David Granatstein has served as Sustainable Agriculture Specialist at Washington State University since 1993. He was hired then as the first full-time faculty member in the newly formed Center for Sustaining Agriculture and Natural Resources, with his administrative home in WSU Extension Agriculture and Natural Resources. He has worked statewide out of the WSU Tree Fruit Research and Extension Center in Wenatchee, WA, and has spent a significant portion of time on orchard issues, particularly orchard floor management and soil health, and development of the organic tree fruit sector. He was a principle in a number of large efforts, including the Organic Crop Research Special Grant, development of the BIOAg program, the formation and implementation of the Food Alliance, The Compost Education and Resources for Western Agriculture project, the Climate Friendly Farming project, and the initial biochar research project. Prior to his Wenatchee position, he worked in Pullman for four years managing the Northwest Dryland Cereal-Legume project funded by USDA-SARE, and he spent two years as on-farm research director with the Land Stewardship Project in Lewistown, Minnesota.
Major Program Areas and Projects
Organic trends – statistics on the organic sector in Washington State; global trends for organic tree fruit, horticulture
Orchard floor management – alternative weed control for organic orchards; orchard soil quality; orchard mulching; cover crops for nitrogen, mulch, and beneficial insect habitat
Soil quality/health – compost and organic amendments; novel measurements of soil health; apple replant disease;
Ecolabeling – co-founder of Food Alliance, Portland, OR
Climate Friendly Farming project – co-PI
Biochar project – co-PI; biochar characterization, impact on soil and crop, economics
[A number of unpublished documents and presentations can be found at the WSU Libraries Research Exchange by typing “Granatstein” in the Search bar.]
Granatstein, D., A. McGuire, and M. Amara. 2017. Improving soil quality on irrigated soils in the Columbia Basin. FS252E, Washington State University Extension, Pullman, WA. 8 pp.
Adewale, C., S. Higgins, D. Granatstein, C.O. Stockle, B.R. Carlson, U.E. Zaher, L. Carpenter-Boggs. 2016. Identifying hotspots in the carbon footprint of a small scale organic vegetable farm. Agricultural Systems 149:112-121.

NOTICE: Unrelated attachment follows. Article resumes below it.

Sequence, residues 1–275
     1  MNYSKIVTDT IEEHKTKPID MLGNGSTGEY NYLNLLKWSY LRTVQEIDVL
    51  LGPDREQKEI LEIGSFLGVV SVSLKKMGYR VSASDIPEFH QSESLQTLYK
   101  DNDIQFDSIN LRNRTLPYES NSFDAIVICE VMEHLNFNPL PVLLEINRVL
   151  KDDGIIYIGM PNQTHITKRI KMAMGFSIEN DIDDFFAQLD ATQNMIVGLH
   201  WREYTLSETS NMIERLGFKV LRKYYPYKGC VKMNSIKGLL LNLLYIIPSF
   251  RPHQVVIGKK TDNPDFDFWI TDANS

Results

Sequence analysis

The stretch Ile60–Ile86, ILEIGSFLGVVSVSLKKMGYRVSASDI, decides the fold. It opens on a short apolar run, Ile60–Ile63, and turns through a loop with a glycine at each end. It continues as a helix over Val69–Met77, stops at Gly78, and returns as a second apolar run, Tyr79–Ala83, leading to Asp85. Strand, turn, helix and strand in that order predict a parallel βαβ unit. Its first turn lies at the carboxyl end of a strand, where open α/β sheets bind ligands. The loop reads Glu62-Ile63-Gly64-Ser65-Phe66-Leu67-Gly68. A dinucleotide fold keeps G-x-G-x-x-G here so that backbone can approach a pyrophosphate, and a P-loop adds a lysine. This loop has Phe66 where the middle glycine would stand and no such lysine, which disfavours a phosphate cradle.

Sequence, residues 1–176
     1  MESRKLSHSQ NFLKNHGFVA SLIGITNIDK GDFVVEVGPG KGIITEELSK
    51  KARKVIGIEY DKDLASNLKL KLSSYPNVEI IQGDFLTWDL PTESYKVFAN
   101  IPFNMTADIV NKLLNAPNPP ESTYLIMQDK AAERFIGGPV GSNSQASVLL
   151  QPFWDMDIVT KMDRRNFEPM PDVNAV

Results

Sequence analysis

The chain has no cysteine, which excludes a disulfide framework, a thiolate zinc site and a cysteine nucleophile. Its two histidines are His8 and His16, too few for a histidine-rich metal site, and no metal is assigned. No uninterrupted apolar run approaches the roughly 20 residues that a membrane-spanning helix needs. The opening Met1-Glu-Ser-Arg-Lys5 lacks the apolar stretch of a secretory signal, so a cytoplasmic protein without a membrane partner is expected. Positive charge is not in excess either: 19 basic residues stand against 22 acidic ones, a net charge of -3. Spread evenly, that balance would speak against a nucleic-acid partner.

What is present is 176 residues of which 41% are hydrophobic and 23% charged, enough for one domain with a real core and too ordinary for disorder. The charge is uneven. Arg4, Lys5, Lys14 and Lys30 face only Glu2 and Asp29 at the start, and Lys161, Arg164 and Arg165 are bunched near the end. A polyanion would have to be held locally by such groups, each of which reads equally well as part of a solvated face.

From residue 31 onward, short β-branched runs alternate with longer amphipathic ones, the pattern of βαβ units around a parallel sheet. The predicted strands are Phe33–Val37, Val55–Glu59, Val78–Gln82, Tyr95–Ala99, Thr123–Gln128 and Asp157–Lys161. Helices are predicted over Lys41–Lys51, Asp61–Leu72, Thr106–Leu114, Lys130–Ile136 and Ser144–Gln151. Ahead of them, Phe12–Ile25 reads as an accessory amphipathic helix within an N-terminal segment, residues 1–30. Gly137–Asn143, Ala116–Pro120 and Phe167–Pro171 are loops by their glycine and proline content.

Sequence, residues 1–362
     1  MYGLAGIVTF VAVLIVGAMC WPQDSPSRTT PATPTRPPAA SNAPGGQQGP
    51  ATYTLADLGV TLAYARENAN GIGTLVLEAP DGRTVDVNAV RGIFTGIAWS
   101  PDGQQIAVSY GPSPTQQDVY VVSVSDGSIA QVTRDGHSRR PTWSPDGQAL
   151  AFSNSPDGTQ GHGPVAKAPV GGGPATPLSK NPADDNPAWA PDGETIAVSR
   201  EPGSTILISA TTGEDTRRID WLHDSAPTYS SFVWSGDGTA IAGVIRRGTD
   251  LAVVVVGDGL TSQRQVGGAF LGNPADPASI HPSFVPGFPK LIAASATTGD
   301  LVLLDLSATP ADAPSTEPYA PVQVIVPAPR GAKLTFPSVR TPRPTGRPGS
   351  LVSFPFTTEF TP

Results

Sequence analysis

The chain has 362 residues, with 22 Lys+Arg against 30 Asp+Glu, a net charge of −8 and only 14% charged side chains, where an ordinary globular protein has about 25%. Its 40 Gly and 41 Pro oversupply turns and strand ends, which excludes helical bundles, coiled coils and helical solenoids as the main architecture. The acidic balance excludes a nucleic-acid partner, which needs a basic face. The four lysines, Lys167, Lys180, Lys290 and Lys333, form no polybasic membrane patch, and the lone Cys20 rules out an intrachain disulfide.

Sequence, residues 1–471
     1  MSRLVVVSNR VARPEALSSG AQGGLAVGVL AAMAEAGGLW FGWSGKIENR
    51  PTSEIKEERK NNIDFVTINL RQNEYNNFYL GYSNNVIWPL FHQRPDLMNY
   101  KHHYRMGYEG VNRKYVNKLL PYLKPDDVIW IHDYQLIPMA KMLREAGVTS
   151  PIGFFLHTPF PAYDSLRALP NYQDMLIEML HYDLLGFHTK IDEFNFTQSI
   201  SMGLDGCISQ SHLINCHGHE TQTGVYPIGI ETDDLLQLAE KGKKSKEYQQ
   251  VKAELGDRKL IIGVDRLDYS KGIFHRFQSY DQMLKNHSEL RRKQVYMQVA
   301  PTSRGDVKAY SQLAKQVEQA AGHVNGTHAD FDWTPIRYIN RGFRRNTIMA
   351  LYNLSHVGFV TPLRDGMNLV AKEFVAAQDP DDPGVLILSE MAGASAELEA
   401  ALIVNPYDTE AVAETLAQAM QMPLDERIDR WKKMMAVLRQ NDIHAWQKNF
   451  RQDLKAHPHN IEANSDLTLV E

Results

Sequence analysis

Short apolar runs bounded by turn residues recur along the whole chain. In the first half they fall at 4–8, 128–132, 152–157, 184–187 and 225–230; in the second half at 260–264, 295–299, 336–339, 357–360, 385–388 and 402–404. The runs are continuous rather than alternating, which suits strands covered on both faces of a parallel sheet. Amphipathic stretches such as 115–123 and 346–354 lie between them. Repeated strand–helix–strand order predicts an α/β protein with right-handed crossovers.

Granatstein, D., E. Kirby, H. Ostenson, and H. Willer. 2016. Global situation for organic tree fruits. Scientia Hort. 208:3-12.
DeVetter, L., D. Granatstein, E. Kirby, and M. Brady. 2015. Opportunities and challenges of organic highbush blueberry production in Washington State. HortTech. 25:796-804.
Granatstein, D., Kirby, E., and Brady, M. 2015. Trends and economics of Washington State organic vegetable production. EM097E, Washington State University Extension Fact Sheet, Pullman, WA. 8 pp.
Granatstein, D., P. Andrews, and A. Groff. 2014. Productivity, economics, and fruit and soil quality of weed management systems in commercial organic orchards in Washington State, USA. Organic Agriculture 4:197-207.
Pavek, P. and D. Granatstein. 2014. The potential for legume cover crops in Washington apple orchards. PMS Technical Note 22, USDA-NRCS, Spokane, WA. 34 pp. (2,5,6) http://www.nrcs.usda.gov/Internet/FSE_PLANTMATERIALS/publications/wapmctn12149.pdf
Taylor, M., and D. Granatstein. 2013. A cost comparison of organic and conventional apple production in the state of Washington. Online. Crop Management doi:10.1094/CM-2013-0429-05-RS. https://www.agronomy.org/publications/cm/pdfs/12/1/2013-0429-05-RS
Granatstein, D., P. Andrews, S. Bishop, and W. Janisiewicz (eds.). 2013. International Organic Fruit Symposium. Acta Hort. 1001, ISHS. 409 pp.
Granatstein, D., E. Kirby, and J. Davenport. 2013. Direct-seeding legumes into orchard alleys for nitrogen production. Acta Hort. 1001: 329-334.
Ostenson, H. and D. Granatstein. 2013. Grower Lessons and Emerging Research for Developing an Integrated Non-Antibiotic Fire Blight Control Program in Organic Fruit. The Organic Center, Washington, DC. 24 pp. http://organic-center.org/scientific-resources/publication-archive/
TerAvest, D., J.L. Smith, L. Carpenter-Boggs, D. Granatstein, L. Hoagland, and J.P. Reganold. 2011. Soil carbon pools, N supply, and tree performance under several ground cover management systems and compost rates in a young apple orchard. HortScience 46:1687-1694.
Collins, H.P., A.K. Alva, J.D Streubel, S.F. Fransen, C. Frear, S. Chen, C.E. Kruger, and D. Granatstein. 2011. Greenhouse gas emissions from an irrigated silt loam soil amended with anaerobic digested dairy manure. Soil Sci. Soc. Amer. J. 75(6):2206-2216.
Yoder, J., S. Galinato, D. Granatstein and M. Garcia-Perez. 2011. Economic tradeoff between biochar and bio-oil production via pyrolysis. Biomass and Bioenergy, 35(5):1851-1862.
Mullinx, K. and D. Granatstein. 2011. Potential nitrogen contributions from legumes in Pacific Northwest apple orchards. Intl. J. Fruit Sci. 11:74-87.
TerAvest, D., J.L. Smith, L. Carpenter-Boggs, L.Hoagland, D. Granatstein, and J.P. Reganold. 2010. Influence of orchard floor management and compost application timing on N partitioning in organically managed apple trees. HortScience. 45:637-642.
Granatstein, D. and E. Sanchez. 2009. Research knowledge and needs for orchard floor management in organic tree fruit systems. Intl. J. Fruit Science 9:257-281.
Wiman, M.R., E.M. Kirby, D.M. Granatstein, and T.P. Sullivan. 2009. Cover crops influence meadow vole presence in organic orchards. HortTech 19:558-562.